Monday, January 17, 2011

Monuments o' Stone

This is a little something I jotted down back in November o' 2006 when they dedicated the monument to the Rev. Dr. Martin Luther King, Jr. up in Washington.

I sure am relieved to hear they's putting up a monument to Rev. Dr. Martin Luther King, Jr. in Washington D.C. today. 'Specially after hearing that President Jr. said "on this ground, a monument will rise that will preserve his legacy for ages." I'd been beginning to worry that Rev. Dr. Martin Luther King, Jr.'s legacy's in danger o' disappearing on us, but now we's gonna get us a pile o' rocks up in the capital to preserve 'em, I guess they's nothing to fear 'bout on that front. Plus, I'm sure it's a load off o' the mind o' other folks, too, 'cause now they ain't gotta worry 'bout passing no more laws to ensure civil rights ner making sure the current ones're enforced. In fact, maybe they can even start getting rid o' some o' them laws. I mean, they's paying $65.5 million dollars fer this pile o' stones to keep his legacy under, why cain't we just get a little more mileage outta 'em 'n' use 'em to store his ideals 'n' dreams 'n' accomplishments as well? It's a memorial, after all. That's what you put up to honor the memory of a person er event, right? So now we's gonna have this here pile o' rocks to remember him by, why do we need to remember him with words 'n' deeds 'n' actions?

'N' just why're we putting up a memorial to Rev. Dr. Martin Luther King, Jr. fer anyway? Don't get me wrong, now. Rev. Dr. Martin Luther King, Jr. was a great man who accomplished a lot o' good, not just fer any one group o' people, but fer all o' humanity. But, great as he was, he was not the Civil Rights movement solely unto himself. They was lots o' other folks who were in that fight with him, before him, 'n' since him. Why're folks so anxious to th'ow up monuments to this one man on account o' the work he did fer Civil Rights but you don't see too many people running 'round trying to scrape up a bunch o' money to th'ow together a pile o' rocks to memorialize Civil Rights entire? 'N' I mean all o' Civil Rights, not just the Civil Rights o' any partic'lar group 'cause they ain't just fer any partic'lar group. 'N' I don't think Rev. Dr. Martin Luther King, Jr. was fighting fer the Civil Rights of just one partic'lar group.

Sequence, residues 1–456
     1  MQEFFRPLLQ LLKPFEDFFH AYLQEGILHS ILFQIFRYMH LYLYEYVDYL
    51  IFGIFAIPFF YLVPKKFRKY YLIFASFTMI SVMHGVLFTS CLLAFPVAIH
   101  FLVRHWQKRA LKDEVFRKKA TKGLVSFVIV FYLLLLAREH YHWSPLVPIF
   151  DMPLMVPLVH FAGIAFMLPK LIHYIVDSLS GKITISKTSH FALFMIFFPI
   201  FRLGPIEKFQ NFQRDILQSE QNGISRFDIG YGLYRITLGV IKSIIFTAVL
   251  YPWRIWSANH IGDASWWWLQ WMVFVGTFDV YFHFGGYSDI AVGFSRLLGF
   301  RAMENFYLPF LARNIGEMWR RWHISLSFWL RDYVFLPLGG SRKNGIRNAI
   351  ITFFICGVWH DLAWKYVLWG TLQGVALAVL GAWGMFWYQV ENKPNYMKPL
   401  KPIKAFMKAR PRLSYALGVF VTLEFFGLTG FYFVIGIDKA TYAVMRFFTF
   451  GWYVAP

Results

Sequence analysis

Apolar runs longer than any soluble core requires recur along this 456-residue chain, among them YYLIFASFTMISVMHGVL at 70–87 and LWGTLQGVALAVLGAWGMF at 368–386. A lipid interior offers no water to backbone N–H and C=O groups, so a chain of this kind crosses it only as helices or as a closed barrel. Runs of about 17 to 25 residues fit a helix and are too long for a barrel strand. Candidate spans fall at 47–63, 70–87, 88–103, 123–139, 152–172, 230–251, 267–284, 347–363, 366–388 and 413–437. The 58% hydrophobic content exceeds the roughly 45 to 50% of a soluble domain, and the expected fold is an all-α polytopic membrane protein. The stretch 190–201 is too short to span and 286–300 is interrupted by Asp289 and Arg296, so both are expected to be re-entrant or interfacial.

We could have us a great big pile o' stones with statues 'n' quotes 'n' pictures. Maybe something like a great big Stonehenge kinda contraption with each o' the outside stones dedicated to one o' the individual fighters er groups in the battle fer Civil Rights like Rev. Dr. Martin Luther King, Jr. 'n' Mrs. Rosa Parks 'n' Mr. Cesar Chavez 'n' the ACLU 'n' freedom riders 'n' the United Farm Workers 'n' even the Supreme Court 'n' such's that. Then, inside o' that ring o' protecting stones, we could have a ring o' stones dedicated to the legislation passed to protect the Civil Rights o' individuals: stones to Brown v. Board of Education 'n'Roe v. Wade 'n' the Civil Rights Act o' 1964. Then, in the center, the largest part o' the memorial could be gardens 'n' fountains dedicated to the single largest 'n' most important group involved in the struggle fer Civil Rights: the vicitims. They could be things like reflecting pools 'n' rose gardens 'n' cherry groves dedicated to folks like Matthew Shepard 'n' Malcolm X.

Ask me, that's the kind o' memorial they should be putting up in Washington D.C. Then again, with the one they's putting up fer one man costing something like $65.5 million dollars so far, it might be a bit expensive trying to put up something to honor all the thousands who we owe rememb'rances to 'long them lines. Maybe that's why they decided to just do a memorial to Rev. Dr. Martin Luther King, Jr. alone. Which makes me kinda wonder what he would o' thought o' all this. Seems to me, if you's to ask Rev. Dr. Martin Luther King, Jr. which he'd rather have, $65.5 million dollars spent on a pile o' rocks to preserve his legacy er $65.5 million dollars spent on education 'n' programs to keep his legacy alive 'n' moving forward, I get the feeling he might o' just preferred the latter. I never met the man, but, somehow, I get the feeling that, if I's to ask him, he'd say something 'long the lines o' "If you wish to build a memorial to me, build me no memorials of stone or steel, for they are cold and dead things and even stone and steel will crumble to dust in time. If you wish to build a memorial to me, build me a memorial of your words and your deeds and your actions to one another, for these are living, breathing things that will endure as long as you speak them and do them and pass them on to the generations to come.  If you wish to build a memorial to me, build me no memorial in the cities of man, for even the greatest cities can be destroyed and pass into the dust of time. If you wish to build a memorial to me, build me a memorial in your heart and in the hearts of all who cherish justice and truth and equality, for the hearts of honest and just men can never be destroyed and will last until the end of time."

Thursday, December 16, 2010

They Don't Write Westerns Like They Used To

United States Border Patrol Agent Brian A. Terry